Editor’s Note: When it comes to elections, we are each given a choice in how to express our opinions and beliefs. Some designers and developers use their skills to further articulate their choice in one person. Here’s a glimpse into how Topple Trump!, an interactive responsive quiz game, was designed and built — combined with some valuable lessons learned along the way. This article is about techniques and strategies, so please avoid political flame in the comments.

Creating an online quiz that is simple to use, looks great and is really fun to play is one thing. Basing it on Donald Trump’s polarizing presidential campaign is another.

Building 'Topple Trump', An Interactive Web-Based Quiz Game (Case Study)

The brainchild of Parallax director and developer Andy Fitch, Topple Trump! has gone on to win numerous awards. But it was a real team effort that brought the game to life. Here’s a glimpse into precisely how that happened, touching on the development process, design considerations and some valuable lessons learned along the way.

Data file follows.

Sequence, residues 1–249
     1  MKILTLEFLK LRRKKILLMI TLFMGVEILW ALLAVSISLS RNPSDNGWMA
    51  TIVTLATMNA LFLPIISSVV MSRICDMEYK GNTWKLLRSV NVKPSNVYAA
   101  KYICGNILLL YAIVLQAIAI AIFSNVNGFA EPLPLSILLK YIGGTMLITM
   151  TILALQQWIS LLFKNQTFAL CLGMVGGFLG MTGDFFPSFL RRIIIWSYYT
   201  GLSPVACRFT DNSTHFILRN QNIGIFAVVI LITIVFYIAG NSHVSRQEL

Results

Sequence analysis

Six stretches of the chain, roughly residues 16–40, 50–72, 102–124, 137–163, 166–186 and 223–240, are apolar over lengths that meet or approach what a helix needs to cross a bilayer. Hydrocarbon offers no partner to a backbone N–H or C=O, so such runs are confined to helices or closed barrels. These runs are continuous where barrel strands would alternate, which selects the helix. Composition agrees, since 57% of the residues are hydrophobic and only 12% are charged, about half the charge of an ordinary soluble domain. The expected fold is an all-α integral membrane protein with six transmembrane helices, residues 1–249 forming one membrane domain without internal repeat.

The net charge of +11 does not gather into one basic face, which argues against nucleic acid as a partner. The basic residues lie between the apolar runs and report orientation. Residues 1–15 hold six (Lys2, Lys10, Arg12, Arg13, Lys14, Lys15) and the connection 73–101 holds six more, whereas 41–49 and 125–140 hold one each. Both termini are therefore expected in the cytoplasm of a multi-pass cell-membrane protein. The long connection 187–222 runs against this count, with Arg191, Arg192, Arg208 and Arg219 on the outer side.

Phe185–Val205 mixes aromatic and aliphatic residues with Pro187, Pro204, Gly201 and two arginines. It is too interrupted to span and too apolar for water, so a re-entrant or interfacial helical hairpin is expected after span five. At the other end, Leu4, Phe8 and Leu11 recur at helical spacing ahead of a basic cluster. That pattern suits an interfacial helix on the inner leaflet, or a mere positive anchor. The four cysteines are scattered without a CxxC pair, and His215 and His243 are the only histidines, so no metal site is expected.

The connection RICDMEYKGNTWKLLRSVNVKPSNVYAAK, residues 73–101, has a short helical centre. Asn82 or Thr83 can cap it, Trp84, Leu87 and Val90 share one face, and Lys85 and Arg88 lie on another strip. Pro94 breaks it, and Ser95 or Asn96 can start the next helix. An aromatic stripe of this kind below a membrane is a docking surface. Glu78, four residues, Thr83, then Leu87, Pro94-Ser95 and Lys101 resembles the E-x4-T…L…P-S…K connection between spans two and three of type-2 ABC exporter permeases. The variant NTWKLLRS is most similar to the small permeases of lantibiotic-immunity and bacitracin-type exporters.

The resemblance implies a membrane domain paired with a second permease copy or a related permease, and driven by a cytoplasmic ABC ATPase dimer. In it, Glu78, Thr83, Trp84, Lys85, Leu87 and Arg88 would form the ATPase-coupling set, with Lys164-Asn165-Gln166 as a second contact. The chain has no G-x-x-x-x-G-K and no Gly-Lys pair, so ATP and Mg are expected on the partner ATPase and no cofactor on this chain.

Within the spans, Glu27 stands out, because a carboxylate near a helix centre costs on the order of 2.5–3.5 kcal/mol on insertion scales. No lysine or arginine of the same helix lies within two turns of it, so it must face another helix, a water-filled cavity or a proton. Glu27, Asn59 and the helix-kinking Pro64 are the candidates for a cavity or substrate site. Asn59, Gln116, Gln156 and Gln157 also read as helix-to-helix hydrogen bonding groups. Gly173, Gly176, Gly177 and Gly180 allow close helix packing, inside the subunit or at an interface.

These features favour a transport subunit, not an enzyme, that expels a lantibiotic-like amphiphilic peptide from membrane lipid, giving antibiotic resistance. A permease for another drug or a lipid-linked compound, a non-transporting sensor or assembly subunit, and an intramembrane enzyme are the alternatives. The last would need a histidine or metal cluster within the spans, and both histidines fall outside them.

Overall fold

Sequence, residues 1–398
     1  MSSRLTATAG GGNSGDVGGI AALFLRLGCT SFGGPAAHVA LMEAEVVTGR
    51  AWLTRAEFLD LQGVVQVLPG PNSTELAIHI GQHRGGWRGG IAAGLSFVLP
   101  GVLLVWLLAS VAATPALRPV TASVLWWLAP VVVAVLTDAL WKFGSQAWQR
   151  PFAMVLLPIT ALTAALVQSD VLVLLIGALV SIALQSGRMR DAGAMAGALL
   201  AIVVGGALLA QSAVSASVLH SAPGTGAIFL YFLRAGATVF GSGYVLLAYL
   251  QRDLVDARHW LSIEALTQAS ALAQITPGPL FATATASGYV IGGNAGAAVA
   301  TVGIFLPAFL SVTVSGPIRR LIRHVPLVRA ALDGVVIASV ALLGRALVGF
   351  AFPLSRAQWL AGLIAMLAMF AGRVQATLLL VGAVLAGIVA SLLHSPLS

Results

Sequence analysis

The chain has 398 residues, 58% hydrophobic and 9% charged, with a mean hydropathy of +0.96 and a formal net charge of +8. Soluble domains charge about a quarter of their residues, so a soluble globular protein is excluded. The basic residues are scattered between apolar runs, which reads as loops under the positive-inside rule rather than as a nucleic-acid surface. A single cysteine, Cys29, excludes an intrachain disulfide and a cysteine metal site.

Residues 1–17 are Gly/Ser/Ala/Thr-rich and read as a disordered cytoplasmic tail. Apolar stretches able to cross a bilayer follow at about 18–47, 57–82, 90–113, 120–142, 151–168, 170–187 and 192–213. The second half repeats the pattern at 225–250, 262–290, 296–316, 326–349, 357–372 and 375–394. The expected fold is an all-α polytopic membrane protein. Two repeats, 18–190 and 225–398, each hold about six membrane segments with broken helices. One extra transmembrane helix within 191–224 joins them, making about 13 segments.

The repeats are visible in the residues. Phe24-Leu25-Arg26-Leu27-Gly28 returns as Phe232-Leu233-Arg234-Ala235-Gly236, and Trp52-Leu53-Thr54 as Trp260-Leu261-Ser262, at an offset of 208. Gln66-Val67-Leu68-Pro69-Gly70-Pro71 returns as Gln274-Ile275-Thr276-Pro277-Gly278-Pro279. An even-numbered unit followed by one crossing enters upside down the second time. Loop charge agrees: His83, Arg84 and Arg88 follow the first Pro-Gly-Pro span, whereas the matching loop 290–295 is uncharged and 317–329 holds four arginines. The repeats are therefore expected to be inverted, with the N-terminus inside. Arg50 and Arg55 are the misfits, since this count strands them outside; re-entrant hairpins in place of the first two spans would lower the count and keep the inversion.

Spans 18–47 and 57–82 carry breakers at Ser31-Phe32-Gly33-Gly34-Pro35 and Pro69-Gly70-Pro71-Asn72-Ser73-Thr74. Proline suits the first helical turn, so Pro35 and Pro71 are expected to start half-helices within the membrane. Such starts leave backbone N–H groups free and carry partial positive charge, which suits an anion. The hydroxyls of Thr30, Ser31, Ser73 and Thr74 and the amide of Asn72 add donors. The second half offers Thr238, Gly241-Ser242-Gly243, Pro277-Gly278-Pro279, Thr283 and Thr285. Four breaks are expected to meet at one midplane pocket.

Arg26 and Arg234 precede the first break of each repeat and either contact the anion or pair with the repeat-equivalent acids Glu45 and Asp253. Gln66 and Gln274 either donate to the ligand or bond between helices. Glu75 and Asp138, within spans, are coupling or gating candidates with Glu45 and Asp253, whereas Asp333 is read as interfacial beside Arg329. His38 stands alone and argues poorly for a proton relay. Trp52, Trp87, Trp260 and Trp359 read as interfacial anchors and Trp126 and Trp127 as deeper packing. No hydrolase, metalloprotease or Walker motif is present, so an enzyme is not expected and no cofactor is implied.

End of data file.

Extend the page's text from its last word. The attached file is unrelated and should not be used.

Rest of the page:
The post Building “Topple Trump”, An Interactive Web-Based Quiz Game (Case Study) appeared first on Smashing Magazine.

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Building “Topple Trump”, An Interactive Web-Based Quiz Game (Case Study)

How Sport Chek is getting more value out of their value proposition

Reading Time: 2 minutes

TL;DR Canada’s largest sporting goods retailer has a multi-faceted optimization program, but two recent tests revealed impactful insights about the company’s ‘Free Shipping’ value proposition. Read the full case study here.